I heard her lark like voice, yet I didn’t recognize the Holocaust victim pushing an IV pole and walking towards us even though she had sent us a “selfie” to prepare us for what we would be encountering. She gaily introduced me to the oncologist staff, then later the social worker. Nurses and doctors told her that she was medically fragile, yet all Anna heard was that she was better. And she decided that she really didn’t need to go to residential. She had a plan.

This will be the last time her youngest sister sees her. Despite her hate, she loves her sister too much to see her like this again. On the way home from college, her other sister stayed with her for a couple of days in case she dies over the summer. Her tolerance of the lies has left her void of compassion. To the dismay of us all, we have voiced how it would be easier if she just died.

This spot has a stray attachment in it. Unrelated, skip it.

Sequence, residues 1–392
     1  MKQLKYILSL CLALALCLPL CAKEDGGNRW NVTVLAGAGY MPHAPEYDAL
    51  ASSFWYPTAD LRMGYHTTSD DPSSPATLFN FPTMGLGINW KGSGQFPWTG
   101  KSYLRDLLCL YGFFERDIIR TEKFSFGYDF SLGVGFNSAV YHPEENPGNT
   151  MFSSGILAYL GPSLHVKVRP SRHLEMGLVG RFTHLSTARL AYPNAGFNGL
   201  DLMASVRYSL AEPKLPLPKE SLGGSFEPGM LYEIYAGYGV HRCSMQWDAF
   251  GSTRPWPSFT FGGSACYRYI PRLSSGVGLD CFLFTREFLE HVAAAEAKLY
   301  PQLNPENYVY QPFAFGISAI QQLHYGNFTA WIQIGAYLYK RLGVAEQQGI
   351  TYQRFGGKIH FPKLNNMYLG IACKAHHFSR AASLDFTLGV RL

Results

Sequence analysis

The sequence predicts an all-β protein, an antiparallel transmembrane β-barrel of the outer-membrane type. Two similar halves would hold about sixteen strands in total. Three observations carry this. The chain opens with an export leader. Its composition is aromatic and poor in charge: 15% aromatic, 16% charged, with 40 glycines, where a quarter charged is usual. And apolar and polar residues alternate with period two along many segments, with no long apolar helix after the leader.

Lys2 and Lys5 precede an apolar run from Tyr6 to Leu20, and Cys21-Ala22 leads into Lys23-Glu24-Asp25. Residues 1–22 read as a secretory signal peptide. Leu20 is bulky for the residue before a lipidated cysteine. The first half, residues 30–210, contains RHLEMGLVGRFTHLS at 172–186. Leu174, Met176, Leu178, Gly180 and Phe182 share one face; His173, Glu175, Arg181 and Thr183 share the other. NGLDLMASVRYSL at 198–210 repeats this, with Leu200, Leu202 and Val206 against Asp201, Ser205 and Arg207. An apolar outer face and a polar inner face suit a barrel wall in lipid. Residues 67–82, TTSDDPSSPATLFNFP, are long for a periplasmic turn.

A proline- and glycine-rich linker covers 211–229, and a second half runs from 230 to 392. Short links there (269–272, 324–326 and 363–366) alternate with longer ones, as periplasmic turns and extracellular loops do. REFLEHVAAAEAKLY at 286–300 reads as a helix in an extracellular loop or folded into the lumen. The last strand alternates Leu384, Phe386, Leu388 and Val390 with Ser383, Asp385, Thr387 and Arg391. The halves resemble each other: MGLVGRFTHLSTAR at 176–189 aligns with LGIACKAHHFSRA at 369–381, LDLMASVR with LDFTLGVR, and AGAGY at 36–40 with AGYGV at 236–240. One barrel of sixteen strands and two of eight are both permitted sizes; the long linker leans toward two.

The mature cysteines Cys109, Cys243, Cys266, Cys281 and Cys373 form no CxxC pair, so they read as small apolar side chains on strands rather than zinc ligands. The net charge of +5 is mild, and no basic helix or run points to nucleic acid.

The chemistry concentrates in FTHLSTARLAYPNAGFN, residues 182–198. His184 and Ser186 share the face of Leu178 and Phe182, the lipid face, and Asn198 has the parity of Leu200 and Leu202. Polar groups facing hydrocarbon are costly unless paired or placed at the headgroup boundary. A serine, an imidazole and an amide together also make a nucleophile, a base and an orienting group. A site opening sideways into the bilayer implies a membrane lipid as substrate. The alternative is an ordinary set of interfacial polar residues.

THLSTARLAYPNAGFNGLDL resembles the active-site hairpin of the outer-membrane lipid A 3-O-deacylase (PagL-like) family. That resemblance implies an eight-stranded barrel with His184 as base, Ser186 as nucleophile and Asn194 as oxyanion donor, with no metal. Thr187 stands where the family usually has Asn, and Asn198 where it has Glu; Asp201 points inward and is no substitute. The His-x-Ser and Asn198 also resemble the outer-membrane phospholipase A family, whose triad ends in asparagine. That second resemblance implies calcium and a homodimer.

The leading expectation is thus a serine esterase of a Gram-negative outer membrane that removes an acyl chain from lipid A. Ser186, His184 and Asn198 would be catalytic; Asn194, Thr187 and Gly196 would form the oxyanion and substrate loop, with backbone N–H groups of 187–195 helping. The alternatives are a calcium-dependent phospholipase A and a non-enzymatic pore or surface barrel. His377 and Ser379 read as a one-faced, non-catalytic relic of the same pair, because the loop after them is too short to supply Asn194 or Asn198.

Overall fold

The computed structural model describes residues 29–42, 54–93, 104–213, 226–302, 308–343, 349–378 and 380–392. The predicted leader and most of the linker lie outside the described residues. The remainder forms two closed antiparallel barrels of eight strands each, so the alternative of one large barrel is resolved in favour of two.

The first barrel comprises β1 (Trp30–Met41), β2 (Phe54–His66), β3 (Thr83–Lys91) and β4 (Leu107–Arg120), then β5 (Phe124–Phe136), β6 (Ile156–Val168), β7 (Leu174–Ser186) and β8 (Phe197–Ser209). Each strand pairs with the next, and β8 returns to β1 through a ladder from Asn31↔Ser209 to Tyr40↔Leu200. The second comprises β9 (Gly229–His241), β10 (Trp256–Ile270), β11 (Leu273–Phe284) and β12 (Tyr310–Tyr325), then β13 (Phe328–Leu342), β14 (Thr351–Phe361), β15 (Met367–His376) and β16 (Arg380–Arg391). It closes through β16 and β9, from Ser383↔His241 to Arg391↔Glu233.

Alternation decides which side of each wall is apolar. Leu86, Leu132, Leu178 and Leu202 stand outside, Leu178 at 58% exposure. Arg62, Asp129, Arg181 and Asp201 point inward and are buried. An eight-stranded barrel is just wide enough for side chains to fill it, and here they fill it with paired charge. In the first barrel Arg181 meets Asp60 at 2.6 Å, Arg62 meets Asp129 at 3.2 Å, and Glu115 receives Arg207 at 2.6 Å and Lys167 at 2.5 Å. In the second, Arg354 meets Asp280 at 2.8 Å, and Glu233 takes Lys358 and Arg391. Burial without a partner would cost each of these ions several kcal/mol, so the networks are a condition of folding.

Two days ago she was discharged after a voluntary two week admittance for a refeeding program. She was up more calories/day. But she still refuses residential support. Because of her BMI, her options are limited. Only place will accept her. She has her own insurance and a bed waiting for her. Both her aunt and I are ready to fly there with her. My husband wants me to deem her unfit and force her into residential. This is his way of telling Anna he doesn’t want her to die. But the truth is, this is not our decision.

The team compiled relayed that she has a 100% chance of dying within six month if she doesn’t go to residential. Whether forced or voluntary, her chances of recovery have been reported to be less than 50%. Anna knows this. She is working on a plan.

I don’t know how the story ends. I do know that our lives will forever be changed.

Feeling helpless

As I'm reading your letter I sit here crying because of the similarities with eating and spitting in cups and napkins leaving this all in her room under her bed and closet, dresser drawers. It's so heartbreaking to watch this go on and my daughter is in such denial. I hope your daughter can overcome this terrible disease I wish the best for you and your family. God bless